"You feel really integrated with the community," he said about Charlottesville, Va. "That sense of community, that whole atmosphere extends beyond the classroom. It's a really cool place."
At UMBC, the sense of community doesn't extend far beyond Hilltop Circle, the road that loops around the campus on the doorstep of Arbutus, he said.
Through a class project, Mosier, and 14 fellow students, believe they have the start to a solution to building a sense of community.
The class, "Innovation, Creative Problem-Solving & the Socialpreneur," spent the spring semester examining Arbutus and its potential from three perspectives — students, the university and the community.
A socialpreneur, as UMBC senior Raymius Johnson explained, integrates social goodwill and entrepreneurship.
The class had considered evaluating other nearby communities, including Catonsville and Halethorpe, but chose Arbutus because of its proximity to campus.
Can Arbutus be a college town? Depending on the perception of the term, the students believe so.
"When people say college town, they usually think of bars, clubs, nightlife," said Michael Berardi, a junior studying global studies. "If you're looking at it from that definition, I don't think Arbutus has the potential to be a college town."
But the students do see similarities between their school and their nearby neighborhood. UMBC and Arbutus have been a stone's throw away from each other since the school opened in 1966, but the students argue it has been a struggle for the two groups to "intertwine," as they detail in a 63-page report titled, "Our-butus: Growing Community in a Classroom."
"If you're looking at from the perspective of a close-knit community where students are excited to go to these establishments that are nice restaurants, nice shops and places to study off campus, yes it can definitely be a college town that helps the students as well as the community members," Berardi said.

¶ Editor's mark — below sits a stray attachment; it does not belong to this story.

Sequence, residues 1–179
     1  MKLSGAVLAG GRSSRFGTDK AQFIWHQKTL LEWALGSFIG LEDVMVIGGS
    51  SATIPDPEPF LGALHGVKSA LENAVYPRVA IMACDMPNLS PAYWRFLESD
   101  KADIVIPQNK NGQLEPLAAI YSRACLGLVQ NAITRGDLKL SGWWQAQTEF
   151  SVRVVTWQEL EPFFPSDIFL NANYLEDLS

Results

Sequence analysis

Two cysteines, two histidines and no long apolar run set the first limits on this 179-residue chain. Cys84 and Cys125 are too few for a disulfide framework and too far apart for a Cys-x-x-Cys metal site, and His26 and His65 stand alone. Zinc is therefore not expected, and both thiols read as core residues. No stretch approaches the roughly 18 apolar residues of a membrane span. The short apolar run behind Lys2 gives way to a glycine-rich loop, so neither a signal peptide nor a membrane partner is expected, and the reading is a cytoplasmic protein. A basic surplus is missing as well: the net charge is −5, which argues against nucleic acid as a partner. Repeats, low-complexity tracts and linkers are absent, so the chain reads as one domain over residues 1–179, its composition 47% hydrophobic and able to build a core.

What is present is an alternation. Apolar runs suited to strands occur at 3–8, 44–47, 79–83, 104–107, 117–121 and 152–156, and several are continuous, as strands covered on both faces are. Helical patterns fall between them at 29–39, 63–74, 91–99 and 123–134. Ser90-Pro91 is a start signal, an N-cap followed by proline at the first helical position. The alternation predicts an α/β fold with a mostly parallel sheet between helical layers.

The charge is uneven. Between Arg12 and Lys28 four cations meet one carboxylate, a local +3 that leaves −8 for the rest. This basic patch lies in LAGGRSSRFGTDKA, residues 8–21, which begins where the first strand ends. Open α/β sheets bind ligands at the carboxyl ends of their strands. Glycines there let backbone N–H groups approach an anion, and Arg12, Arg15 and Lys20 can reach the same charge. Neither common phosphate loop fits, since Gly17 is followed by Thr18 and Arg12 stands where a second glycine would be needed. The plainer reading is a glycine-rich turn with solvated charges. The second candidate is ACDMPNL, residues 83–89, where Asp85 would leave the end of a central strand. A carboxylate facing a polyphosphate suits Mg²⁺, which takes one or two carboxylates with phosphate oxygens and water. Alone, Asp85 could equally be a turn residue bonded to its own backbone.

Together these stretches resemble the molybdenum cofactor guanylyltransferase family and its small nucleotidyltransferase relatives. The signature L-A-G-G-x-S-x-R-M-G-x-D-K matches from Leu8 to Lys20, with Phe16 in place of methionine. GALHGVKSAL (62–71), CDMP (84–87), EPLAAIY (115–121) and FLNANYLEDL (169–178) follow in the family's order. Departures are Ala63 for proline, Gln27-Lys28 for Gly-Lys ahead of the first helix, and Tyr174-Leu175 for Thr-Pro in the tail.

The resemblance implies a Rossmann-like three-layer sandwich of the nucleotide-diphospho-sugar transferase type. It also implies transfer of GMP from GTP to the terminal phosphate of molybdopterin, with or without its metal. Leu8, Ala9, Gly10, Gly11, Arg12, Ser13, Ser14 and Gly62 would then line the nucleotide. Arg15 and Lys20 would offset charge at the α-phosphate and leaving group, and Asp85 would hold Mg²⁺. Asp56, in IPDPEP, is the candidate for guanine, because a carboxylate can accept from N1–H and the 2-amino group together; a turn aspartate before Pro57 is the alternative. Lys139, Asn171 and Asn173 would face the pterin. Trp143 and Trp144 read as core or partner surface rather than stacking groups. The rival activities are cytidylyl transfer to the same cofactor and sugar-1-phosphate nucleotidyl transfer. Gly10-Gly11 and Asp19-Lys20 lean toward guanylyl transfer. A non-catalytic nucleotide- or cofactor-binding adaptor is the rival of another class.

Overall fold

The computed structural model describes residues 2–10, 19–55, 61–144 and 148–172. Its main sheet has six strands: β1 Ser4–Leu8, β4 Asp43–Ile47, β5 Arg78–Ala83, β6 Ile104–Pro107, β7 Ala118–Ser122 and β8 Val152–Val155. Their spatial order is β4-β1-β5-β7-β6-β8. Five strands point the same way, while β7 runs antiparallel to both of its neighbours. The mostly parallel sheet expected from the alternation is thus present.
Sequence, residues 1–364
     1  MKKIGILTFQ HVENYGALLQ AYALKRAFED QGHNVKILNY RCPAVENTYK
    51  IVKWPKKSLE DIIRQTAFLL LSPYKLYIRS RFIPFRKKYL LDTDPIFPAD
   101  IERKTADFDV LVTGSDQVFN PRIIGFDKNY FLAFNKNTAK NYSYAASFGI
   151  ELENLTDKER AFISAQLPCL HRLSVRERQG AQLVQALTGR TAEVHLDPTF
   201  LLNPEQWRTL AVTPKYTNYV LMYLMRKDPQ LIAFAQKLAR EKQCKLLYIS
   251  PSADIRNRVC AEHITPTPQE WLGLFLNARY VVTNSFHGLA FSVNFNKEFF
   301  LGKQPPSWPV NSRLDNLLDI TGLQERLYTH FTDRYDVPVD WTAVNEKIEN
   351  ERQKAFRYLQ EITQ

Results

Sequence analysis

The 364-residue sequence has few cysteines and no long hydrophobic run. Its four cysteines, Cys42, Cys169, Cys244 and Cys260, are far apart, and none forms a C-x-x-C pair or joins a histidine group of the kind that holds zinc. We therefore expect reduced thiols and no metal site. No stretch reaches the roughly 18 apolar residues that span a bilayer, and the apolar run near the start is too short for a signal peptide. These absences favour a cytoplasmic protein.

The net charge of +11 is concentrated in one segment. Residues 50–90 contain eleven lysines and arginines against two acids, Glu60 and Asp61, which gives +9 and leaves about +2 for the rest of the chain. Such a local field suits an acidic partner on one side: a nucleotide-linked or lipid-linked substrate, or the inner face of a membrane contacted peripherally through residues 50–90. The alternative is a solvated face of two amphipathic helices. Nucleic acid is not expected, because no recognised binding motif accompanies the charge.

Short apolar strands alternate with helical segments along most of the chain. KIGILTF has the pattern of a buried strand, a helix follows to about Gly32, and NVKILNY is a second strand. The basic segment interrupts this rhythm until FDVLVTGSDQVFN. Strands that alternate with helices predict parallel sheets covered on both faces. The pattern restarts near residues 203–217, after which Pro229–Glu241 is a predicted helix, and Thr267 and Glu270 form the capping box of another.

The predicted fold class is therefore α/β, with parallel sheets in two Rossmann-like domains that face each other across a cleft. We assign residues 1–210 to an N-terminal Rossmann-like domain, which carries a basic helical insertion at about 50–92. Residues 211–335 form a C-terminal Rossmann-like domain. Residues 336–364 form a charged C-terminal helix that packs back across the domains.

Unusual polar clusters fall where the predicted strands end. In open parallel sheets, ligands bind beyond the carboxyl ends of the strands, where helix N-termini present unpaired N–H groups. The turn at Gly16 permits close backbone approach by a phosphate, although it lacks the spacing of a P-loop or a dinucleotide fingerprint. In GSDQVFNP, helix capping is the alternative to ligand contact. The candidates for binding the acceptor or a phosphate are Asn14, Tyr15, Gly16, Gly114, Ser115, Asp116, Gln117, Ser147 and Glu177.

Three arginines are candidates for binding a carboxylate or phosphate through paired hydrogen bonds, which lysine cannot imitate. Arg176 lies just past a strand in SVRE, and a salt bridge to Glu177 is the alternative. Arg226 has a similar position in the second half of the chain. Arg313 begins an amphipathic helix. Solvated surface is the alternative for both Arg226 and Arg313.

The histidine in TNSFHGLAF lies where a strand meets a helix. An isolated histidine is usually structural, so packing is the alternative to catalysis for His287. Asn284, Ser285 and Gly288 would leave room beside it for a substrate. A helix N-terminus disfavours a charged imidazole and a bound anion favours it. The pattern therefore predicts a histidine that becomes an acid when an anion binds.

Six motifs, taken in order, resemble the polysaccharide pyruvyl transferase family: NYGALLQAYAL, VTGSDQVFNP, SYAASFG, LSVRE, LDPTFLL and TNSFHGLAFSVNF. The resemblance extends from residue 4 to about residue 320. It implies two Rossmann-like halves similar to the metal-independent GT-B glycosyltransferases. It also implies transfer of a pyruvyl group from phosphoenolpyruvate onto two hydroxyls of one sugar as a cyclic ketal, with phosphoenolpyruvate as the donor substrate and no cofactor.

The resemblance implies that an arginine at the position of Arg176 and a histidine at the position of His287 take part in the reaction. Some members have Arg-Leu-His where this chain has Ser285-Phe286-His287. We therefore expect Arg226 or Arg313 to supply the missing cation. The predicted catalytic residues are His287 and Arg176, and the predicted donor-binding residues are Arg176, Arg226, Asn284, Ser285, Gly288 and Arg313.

The class developed a mission statement and a plan that they hope can lead to a mutually beneficial relationship.
It includes using a vacant building along East Drive in the Arbutus business district to establish an Office of Community Affairs and open a student-run coffee shop with the working name of "OCA Mocha" for the community that can serve as a public meeting spot and performance space. The coffee shop would partner with a local bakery to collaborate, rather than compete, the students said.
A spokeswoman for the university said a lease has yet to be signed at the property, which was most recently a hookah lounge, but negotiations are in the works.
If the lease is signed, work could start in June and end in September, with an eye toward a grand opening during homecoming weekend in October, according to the class. The university has $50,000 budgeted to renovate the building.
"Our idea is it will really liven up the place," said Madison Koenig, a junior.
An Office of Community Affairs does not exist at UMBC — the closest entities they discovered were a neighborhood relations group and an Arbutus Engagement Committee, both of which have no permanently dedicated staff.